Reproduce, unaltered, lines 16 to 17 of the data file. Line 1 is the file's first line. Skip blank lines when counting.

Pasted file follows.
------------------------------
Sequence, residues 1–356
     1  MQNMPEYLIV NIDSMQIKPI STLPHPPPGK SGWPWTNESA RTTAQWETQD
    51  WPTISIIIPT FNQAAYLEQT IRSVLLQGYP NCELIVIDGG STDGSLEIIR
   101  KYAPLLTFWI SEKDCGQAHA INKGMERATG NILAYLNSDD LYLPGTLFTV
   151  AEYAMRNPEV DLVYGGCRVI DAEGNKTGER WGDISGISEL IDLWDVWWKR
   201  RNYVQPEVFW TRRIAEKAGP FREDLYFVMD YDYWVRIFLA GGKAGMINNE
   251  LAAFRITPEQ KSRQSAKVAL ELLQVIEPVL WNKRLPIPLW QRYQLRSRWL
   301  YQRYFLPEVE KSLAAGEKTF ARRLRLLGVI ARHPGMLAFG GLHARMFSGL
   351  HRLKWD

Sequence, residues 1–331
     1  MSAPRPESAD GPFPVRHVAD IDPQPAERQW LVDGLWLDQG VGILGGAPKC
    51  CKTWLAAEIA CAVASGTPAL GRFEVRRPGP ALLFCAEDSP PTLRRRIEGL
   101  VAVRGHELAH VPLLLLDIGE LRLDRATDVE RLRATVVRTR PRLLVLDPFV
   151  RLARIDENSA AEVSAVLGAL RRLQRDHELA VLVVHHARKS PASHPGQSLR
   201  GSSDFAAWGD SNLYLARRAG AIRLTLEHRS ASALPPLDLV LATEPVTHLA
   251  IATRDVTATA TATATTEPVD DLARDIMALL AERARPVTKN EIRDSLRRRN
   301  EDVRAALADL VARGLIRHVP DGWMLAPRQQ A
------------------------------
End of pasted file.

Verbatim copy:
   251  IATRDVTATA TATATTEPVD DLARDIMALL AERARPVTKN EIRDSLRRRN
   301  EDVRAALADL VARGLIRHVP DGWMLAPRQQ A